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Caribbean remains high on low-cost carrier agenda

The Caribbean remains an attractive region for expansion from carriers to the north in the USA and to the south from Brazil, but airports and destinations have to market and package their product efficiently and with an eye on costs to win new service, carriers told delegates at the Network Latin America event being held in St Maarten.

In particular, low-cost carriers see the Caribbean as having great potential. For example, JetBlue Airways and Spirit Airlines have already been adding significant new service into the region. John Kirby, senior director strategic planning at AirTran Airways, believes the Caribbean could soon be dominated by low-cost players just as Florida has become in the USA.

"There are a lot of parallels," he said. "The Caribbean could be a low-cost haven going forward. But a lot of what is holding it back is an inability to be efficient, not only from the operational standpoint but from a cost point of view."

After a couple of false starts AirTran has put several services into the region in the past couple of years. It now has routes from its hubs in Atlanta, Baltimore and Orlando to destinations like Aruba, Cancun, Montego Bay, Nassau and San Juan. "We are going to digest this expansion and talk here to airports for future opportunities," said Kirby.

AirTran's strategy has been to seek out the high volume markets with "destinations that sell themselves", said Kirby. The downturn has meant that carriers are extremely reluctant to take chances on routes that might be experimental. "Carriers are less likely to talk risk going forward than we ever have. Developmental routes are not too popular in the front offices [at the moment]," he said.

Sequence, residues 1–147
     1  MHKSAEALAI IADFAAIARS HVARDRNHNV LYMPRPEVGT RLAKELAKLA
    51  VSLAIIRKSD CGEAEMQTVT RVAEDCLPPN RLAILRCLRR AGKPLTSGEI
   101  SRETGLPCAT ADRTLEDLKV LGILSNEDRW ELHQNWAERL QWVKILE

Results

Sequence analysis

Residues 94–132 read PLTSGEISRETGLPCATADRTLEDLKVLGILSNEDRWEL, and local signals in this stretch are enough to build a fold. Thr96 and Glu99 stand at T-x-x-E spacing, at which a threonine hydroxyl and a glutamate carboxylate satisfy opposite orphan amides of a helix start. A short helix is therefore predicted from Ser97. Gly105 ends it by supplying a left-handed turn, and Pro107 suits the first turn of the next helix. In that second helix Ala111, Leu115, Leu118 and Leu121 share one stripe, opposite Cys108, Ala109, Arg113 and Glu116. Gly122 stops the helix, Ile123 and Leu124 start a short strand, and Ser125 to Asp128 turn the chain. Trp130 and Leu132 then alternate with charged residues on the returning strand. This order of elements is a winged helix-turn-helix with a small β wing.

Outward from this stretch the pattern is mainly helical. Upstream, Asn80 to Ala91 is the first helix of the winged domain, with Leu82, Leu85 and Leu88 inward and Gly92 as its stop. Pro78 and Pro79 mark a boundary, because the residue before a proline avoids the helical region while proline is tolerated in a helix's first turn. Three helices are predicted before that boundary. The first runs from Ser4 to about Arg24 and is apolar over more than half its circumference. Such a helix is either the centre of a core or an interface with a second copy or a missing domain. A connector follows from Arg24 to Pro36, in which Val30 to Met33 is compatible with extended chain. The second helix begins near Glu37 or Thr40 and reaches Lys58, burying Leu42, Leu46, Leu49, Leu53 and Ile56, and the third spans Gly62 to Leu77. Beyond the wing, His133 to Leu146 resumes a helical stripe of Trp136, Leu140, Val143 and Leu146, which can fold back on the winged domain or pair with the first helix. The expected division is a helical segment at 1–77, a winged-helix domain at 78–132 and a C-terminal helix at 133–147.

Brazil's Gol is adding new services into the Caribbean as the tourist market to destinations like Aruba, Curacao and the Dominican Republic begins to open up, said Mauricio Emboaba, planning and statistics director at the carrier.

In general if travellers want to travel to the Caribbean islands they have to go via Miami or New York in time-consuming 15 hour trips that can cost in excess of $1,500, said Emboaba. Gol can serve these markets direct from Brazil with its 737-800s at about half the cost and with a trip time of just over six hours.

In addition, Caribbean opportunities are opening up because Brazil is striking new bilateral deals with various countries. Gol and the airport operators in the Dominican Republic and Curacao have been co-operating to lobby the government authorities to encourage the revision and acceleration of new bilaterals. "This kind of partnership between airlines and local airports and authorities is very important," said Emboaba.

Harnessing the local tourist bodies and the hotel community is also critical to make a destination as attractive as possible, said Dr Eugene Holiday, president of Princess Juliana International Airport, the main gateway to St Maarten. PJIAE handled 1.7 million passengers in 2008 but has seen a fall in numbers of about 10% this year, he said.

The airport is keen to develop more links to the USA and also encourage service to South America and is considering airline requests for more flexible volume based pricing, said Holiday.

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